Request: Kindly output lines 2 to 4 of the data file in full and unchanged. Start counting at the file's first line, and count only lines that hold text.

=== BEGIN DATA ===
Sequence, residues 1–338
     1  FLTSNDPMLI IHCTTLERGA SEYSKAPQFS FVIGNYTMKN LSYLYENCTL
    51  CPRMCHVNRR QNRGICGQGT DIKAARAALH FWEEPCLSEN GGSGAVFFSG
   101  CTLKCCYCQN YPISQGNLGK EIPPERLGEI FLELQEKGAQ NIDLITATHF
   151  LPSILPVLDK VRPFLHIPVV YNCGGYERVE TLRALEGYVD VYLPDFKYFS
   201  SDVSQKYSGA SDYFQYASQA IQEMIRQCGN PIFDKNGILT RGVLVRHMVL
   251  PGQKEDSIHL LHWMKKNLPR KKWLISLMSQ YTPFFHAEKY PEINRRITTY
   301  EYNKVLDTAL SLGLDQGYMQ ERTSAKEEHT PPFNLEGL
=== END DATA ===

     1  FLTSNDPMLI IHCTTLERGA SEYSKAPQFS FVIGNYTMKN LSYLYENCTL
    51  CPRMCHVNRR QNRGICGQGT DIKAARAALH FWEEPCLSEN GGSGAVFFSG
   101  CTLKCCYCQN YPISQGNLGK EIPPERLGEI FLELQEKGAQ NIDLITATHF